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9 Grand Canyon Facts You Probably Didn’t Know

Many nature-created monuments exist all over the world. Despite where some of them are, people of all cultures make the time to travel to our world’s natural wonders. One of the most popular for anyone to visit is the Grand Canyon.

Here are a couple of interesting facts you may not have known about the massive expanse:

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It’s How Old?!

For science to gain accurate information, its methods have to evolve with the times. According to scientists who initially made the effort to date the Grand Canyon, it was believed to be only 6 million years old.

Scientists in 2012 decided they wanted to try and verify this claim. After finishing their research, it was determined its age was as much as 70 million years. It’s also believed smaller canyons existed first, and in recent history (maybe the last 6 million years?) broke apart to form something greater.

Weather All Its Own

Most weather is easy to predict, based on whatever part of the country or world you are in. But the elevation of the Grand Canyon varies so greatly every few miles, that the weather you experience in one spot may not be the same as 7 miles away.

It’s Got Competitors

The Grand Canyon is probably the deepest canyon in the entire continental United States. While that is certainly impressive, it is not the deepest canyon in the world. Tibet contains within its borders the Yarlung Tsangpo Grand Canyon, which has a depth of 17,567 feet.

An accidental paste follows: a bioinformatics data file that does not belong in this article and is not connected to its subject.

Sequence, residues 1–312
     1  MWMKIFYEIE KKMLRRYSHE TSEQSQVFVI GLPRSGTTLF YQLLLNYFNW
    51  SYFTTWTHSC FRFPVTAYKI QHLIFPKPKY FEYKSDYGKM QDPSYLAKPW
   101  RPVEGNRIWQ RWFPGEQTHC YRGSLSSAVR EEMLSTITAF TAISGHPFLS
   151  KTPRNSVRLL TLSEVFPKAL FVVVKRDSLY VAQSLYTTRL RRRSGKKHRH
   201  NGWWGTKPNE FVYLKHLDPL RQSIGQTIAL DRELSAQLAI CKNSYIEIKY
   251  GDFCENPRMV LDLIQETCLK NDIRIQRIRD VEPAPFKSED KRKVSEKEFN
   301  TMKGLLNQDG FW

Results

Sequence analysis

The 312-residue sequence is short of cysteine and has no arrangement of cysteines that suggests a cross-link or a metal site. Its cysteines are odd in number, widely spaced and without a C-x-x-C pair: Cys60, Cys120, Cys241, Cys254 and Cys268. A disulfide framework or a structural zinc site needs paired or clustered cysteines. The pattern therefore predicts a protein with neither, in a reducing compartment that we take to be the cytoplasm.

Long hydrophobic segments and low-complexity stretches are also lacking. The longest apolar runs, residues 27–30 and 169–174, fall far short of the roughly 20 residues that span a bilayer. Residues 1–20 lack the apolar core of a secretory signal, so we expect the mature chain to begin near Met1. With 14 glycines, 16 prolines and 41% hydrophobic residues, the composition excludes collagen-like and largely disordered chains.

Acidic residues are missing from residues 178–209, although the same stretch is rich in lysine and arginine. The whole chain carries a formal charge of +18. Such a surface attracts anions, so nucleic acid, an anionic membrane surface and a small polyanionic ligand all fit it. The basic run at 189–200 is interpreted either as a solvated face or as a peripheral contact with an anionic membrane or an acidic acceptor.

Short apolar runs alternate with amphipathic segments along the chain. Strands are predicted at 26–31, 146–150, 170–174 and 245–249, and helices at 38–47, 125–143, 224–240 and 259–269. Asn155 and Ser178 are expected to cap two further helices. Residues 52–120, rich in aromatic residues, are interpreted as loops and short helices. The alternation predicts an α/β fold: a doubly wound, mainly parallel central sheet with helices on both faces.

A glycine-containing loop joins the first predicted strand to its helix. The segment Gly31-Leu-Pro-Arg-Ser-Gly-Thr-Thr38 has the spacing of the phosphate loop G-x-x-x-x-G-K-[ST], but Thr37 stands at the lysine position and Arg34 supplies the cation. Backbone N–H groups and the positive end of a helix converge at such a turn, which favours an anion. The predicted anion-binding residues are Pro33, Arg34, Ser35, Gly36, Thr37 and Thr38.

Yarlung is more than two miles deeper than the Grand Canyon and 30 miles longer.

The Dinosaur Report

Finding any bone older than 5 years is pretty amazing, so long as it’s an animal that died of natural causes. With the Grand Canyon being about 70 million years old, one would think it logical to find a couple of dino bones.

The rock located within the Grand Canyon is said to be as much as a billion years older than the dinosaurs themselves. It is this age that made it possible for any bones left behind to be destroyed by weather.

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There is Still Stuff to Find

For anyone interested in fossils, do not worry. In the Grand Canyon, there still may exist the bones of other ancient creatures from eons ago. 1.2 billion-year-old marine fossils have been found in addition to the bones of mammals that can be found in the caves dotting. The mammal bones may have ended up there as early as 10,000 years ago.

No Luck Fishing

The most notable body of water in the area is the Colorado River, which runs right through the Grand Canyon. But despite that, there are not that many fish in the river. With all the heavy flooding, large amounts of silt, and constant variation in temperature, there are only a handful of species that live in the waters.

There are only 8 different species, all native to the Grand Canyon. What’s crazier is six do not exist in any water but the Colorado River.

Not So Desolate

Grand Canyon may have a desert climate at times, but people still live within the expanse. On the Havasupai Indian Reservation, exists at the canyon’s base the Supai Village.

It is impossible to reach the village by road and has a population of just 208 people. If you want to send mail to the village, it will have to be delivered by mule once it reaches the Grand Canyon.

Where’s the Rest of It?

Despite our advances in science, nature can still throw us curveballs. Many of our dating process for rock and other like minerals can be scaled using the Grand Canyon. What’s weird, though, is that there is a historical gap about 950 million years long.

Some believe that during this “void era” it is entirely possible that no rocks formed.

The Great Unconformity is the name given to the span of time, 250 to 1200 million years ago. The same oddity is found in other places in the world.

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A World Wonder

Initially, there were a total of “seven wonders of the world.” This, many argue, is in reference to monuments that existed for thousands of years. The Grand Canyon is on many lists for “wonders of the world.”

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